Ivy League Schools Fall Semester Plan For Students During COVID-19
Universities have released their plans for the upcoming academic year. 60% are still planning to welcome students in-person, according to the Chronicle of Higher Education.
- 23% are opting for a hybrid model, 8% of schools are going fully online, and the remaining are working on their plan.
Princeton and Harvard released their plans. Princeton will welcome back roughly half of undergrads each semester, hold most classes online, and reduce tuition 10%.
Harvard's bringing back up to 40% of undergrads this fall. All courses are remote and the tuition is not changing.
Cornell is proceeding with a fully in-person semester after university researchers found that an online semester would result in more COVID-19 cases.
- Their reasoning: If classes go remote, 9,000 students will still return to Ithaca, but the school won't be able to enforce testing and social distancing.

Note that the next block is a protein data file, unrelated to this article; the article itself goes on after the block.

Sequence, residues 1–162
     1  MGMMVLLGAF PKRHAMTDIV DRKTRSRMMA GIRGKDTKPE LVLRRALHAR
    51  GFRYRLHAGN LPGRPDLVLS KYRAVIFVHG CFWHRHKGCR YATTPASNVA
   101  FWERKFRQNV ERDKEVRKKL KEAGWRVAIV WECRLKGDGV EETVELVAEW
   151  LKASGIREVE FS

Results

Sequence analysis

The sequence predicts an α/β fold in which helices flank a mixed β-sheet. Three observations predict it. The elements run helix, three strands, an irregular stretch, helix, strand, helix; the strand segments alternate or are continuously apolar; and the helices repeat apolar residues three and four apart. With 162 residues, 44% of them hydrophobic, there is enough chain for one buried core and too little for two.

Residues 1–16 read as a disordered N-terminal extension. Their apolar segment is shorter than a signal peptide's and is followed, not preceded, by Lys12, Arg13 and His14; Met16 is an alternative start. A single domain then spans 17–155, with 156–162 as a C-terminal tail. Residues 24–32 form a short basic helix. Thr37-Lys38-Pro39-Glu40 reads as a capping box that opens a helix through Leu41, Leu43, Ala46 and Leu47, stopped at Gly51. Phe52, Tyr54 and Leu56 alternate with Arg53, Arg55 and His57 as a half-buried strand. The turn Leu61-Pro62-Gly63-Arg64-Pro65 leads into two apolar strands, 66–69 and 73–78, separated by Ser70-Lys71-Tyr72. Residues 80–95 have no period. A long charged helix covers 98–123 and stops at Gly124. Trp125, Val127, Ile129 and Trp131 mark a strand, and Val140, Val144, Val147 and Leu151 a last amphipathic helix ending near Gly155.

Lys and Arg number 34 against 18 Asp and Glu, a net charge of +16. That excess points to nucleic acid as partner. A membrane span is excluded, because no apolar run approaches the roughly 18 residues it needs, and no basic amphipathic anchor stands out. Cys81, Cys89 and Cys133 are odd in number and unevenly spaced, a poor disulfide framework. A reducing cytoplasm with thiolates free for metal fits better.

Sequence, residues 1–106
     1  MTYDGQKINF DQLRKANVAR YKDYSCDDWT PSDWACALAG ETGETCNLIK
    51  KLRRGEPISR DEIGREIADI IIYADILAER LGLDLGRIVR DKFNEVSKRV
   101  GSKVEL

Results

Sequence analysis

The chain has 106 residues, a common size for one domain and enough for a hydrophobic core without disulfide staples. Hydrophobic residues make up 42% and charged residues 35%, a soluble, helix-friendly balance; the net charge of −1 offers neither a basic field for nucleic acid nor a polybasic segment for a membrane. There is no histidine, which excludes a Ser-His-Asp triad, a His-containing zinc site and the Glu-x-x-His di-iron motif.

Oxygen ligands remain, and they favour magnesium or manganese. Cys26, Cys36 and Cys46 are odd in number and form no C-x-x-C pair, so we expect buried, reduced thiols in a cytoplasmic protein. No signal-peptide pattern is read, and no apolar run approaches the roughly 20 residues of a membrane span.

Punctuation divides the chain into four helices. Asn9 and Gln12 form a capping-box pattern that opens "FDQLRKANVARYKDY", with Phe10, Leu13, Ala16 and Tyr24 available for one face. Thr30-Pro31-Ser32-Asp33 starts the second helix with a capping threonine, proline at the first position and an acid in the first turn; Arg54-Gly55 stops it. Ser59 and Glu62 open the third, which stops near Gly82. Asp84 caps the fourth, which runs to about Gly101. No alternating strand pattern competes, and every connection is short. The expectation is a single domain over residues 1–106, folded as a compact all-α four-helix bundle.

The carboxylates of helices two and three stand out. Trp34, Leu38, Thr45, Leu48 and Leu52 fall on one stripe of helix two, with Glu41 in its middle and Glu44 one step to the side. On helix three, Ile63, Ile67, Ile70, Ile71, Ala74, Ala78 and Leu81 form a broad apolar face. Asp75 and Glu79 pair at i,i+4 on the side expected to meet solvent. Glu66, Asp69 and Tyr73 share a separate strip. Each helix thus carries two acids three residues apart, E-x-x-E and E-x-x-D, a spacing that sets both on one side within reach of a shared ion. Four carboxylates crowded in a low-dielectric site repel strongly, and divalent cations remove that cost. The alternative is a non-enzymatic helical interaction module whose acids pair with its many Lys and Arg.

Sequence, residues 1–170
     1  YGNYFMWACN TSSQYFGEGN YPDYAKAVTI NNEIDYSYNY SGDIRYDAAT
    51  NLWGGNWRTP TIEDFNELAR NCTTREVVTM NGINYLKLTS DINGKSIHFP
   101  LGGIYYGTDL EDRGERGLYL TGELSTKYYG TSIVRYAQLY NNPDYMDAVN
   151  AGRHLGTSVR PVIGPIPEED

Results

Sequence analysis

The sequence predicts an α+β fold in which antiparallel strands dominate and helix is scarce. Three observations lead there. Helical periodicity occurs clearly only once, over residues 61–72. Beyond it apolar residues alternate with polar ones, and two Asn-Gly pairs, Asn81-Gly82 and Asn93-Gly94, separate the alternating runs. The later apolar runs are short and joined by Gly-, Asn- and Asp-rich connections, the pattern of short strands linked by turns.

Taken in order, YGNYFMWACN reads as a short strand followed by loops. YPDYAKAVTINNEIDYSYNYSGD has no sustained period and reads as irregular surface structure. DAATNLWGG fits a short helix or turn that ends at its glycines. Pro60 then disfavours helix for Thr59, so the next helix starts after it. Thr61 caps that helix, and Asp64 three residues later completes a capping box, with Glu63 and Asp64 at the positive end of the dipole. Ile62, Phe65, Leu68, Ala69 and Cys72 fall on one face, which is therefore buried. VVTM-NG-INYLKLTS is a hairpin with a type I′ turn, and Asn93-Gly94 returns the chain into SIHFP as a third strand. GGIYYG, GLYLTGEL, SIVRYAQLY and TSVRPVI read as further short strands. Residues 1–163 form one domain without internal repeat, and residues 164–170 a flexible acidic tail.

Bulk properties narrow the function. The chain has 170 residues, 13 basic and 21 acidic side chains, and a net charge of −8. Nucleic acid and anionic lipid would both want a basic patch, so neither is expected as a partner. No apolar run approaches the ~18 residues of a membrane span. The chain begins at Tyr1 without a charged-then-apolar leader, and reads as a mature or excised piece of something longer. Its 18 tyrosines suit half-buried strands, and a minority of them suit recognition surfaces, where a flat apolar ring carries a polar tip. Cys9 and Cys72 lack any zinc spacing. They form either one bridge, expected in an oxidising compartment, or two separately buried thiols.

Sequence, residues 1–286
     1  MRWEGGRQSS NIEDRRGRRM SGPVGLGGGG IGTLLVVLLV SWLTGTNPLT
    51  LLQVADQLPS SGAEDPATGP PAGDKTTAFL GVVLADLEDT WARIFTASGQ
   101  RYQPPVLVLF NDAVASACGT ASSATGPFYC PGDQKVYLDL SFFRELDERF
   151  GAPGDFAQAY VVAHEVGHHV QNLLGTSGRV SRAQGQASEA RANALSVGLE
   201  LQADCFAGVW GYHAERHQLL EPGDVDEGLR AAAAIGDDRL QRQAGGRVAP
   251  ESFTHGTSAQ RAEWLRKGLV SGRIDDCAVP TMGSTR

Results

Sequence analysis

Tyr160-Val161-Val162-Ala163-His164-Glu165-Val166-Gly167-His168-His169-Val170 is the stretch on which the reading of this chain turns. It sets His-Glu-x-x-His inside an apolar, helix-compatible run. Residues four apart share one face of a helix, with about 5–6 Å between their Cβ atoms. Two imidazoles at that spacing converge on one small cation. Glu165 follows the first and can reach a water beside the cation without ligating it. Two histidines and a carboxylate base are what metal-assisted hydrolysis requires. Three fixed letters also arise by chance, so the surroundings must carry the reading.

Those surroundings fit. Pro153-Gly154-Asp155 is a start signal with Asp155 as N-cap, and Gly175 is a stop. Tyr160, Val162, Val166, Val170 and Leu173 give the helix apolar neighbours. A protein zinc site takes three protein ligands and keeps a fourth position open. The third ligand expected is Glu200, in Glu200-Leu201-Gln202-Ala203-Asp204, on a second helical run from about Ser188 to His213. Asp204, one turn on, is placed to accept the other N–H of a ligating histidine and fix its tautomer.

Professors and instructors are not happy with the plans. They believe if students are rushed back to campus, it puts them and their families at risk.
- 800 Georgia Tech faculty members criticized the state university system for a reopening plan that makes mask-wearing optional (a policy at odds with most top public universities).
- In June, 1,100 Penn State faculty members petitioned for the right to bar students from classrooms if they don't wear masks.
Future Outlook: It wasn’t too long ago that colleges felt optimistic about reopening in the fall. Things took an unexpected turn and COVID-19 cases rose over the last few weeks. Things are looking uncertain for colleges and their model moving forward.